Tuesday, 16 January 2024

Linda-maree Conyard

Momentum is a force that propels us forward, and it plays a pivotal role in trauma recovery and inner work. Our minds, much like the laws of physics, tend to follow the path of least resistance. In the intricate landscape of our brains, neural pathways are etched with each experience and response. These pathways become the highways through which our thoughts and behaviours travel, forming the basis of momentum in our inner worlds.

When we are doing our trauma recovery or any kind of inner work, momentum is a critical part of the process. Frequency and commitment to regular contact with whoever or whatever you are using to support your change process is what creates momentum. Once we have momentum, it makes it easier for us to deepen our healing.

In this edition of Trauma Bytes, we'll explore:

  • ​Neural Pathways and Momentum;
  • The Dilemma of Repetition; and
  • Mindfulness Practice to Create Momentum.

What we need to remember is that, like any of those New Year resolutions that fade away in a week or two after making them, if we don't find the support to stay with it, then momentum will wither up and become non-existent. Then nothing changes, and we keep doing what we've always done.

1. Neural Pathways and Momentum
Neural pathways in our brain are the result of our repeated thoughts, emotions, and behaviours. In trauma recovery, particularly, these pathways can be deeply entrenched and shaped by past experiences and survival mechanisms. The brain, in its remarkable adaptability, forms connections that serve to protect us during difficult times. However, these very pathways can become a double-edged sword, leading us to unintentionally repeat patterns even when they no longer serve our well-being.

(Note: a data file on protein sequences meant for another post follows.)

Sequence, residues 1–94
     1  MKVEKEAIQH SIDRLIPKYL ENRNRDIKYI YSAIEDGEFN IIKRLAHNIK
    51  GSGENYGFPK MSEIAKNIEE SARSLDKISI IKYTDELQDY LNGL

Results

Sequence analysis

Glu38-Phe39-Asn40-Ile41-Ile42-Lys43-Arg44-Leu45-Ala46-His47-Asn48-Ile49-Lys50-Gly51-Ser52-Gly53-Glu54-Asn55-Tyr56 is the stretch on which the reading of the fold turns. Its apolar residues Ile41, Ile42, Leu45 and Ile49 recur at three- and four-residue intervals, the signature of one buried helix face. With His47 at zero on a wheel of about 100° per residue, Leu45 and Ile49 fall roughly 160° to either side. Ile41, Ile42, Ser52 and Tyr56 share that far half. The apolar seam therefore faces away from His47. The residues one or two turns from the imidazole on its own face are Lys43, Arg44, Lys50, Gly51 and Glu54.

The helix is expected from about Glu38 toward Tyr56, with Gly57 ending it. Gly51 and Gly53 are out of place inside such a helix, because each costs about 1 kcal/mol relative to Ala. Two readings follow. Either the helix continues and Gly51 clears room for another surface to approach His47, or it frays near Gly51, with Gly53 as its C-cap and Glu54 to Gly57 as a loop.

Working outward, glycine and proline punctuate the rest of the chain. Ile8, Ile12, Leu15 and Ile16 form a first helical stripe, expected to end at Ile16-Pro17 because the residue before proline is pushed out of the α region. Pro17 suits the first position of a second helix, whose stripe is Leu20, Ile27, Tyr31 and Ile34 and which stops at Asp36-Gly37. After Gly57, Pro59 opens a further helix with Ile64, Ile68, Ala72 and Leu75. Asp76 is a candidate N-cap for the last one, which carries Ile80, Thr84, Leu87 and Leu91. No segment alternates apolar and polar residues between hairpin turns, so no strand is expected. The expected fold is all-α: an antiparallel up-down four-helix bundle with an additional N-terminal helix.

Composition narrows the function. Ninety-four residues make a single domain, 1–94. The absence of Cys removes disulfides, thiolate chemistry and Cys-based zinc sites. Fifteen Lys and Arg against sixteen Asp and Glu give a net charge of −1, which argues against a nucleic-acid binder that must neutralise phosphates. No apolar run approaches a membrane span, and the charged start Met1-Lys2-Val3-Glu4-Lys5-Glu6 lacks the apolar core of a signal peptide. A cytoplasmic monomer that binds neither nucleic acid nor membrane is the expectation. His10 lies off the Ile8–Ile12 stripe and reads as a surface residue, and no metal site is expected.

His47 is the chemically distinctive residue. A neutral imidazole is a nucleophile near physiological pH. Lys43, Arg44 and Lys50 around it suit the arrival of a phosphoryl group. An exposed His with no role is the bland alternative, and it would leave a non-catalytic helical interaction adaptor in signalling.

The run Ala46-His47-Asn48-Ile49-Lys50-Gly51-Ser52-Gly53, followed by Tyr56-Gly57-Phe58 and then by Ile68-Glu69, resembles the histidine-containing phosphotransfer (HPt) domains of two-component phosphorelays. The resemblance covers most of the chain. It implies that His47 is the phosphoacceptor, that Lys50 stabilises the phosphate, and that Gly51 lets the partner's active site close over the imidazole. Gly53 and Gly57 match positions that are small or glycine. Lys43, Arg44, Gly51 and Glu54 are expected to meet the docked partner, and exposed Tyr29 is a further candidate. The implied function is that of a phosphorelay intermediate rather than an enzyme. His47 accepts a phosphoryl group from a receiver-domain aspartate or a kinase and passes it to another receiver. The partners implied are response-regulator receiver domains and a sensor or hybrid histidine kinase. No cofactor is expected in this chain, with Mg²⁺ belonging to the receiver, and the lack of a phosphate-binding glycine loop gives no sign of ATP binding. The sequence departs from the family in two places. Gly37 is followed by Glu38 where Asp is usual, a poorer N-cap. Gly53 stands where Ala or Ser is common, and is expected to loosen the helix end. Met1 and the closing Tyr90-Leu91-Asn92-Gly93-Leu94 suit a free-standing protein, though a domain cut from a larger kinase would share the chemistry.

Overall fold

These intricate networks within our brains dictate our thoughts, emotions, and behaviours. Think of them as well-worn trails in a forest, shaped by the frequency of our experiences and responses. In trauma recovery, these pathways often carry the imprints of past survival strategies. While they serve as shields during challenging times, they can inadvertently lead to the repetition of patterns that may no longer be beneficial. Recognising this, it's crucial to approach the process of unravelling neural pathways with compassion and curiosity.

2. The Dilemma of Repetition
The dilemma of repetition arises from the conflict between our conscious intentions and the momentum of established neural pathways.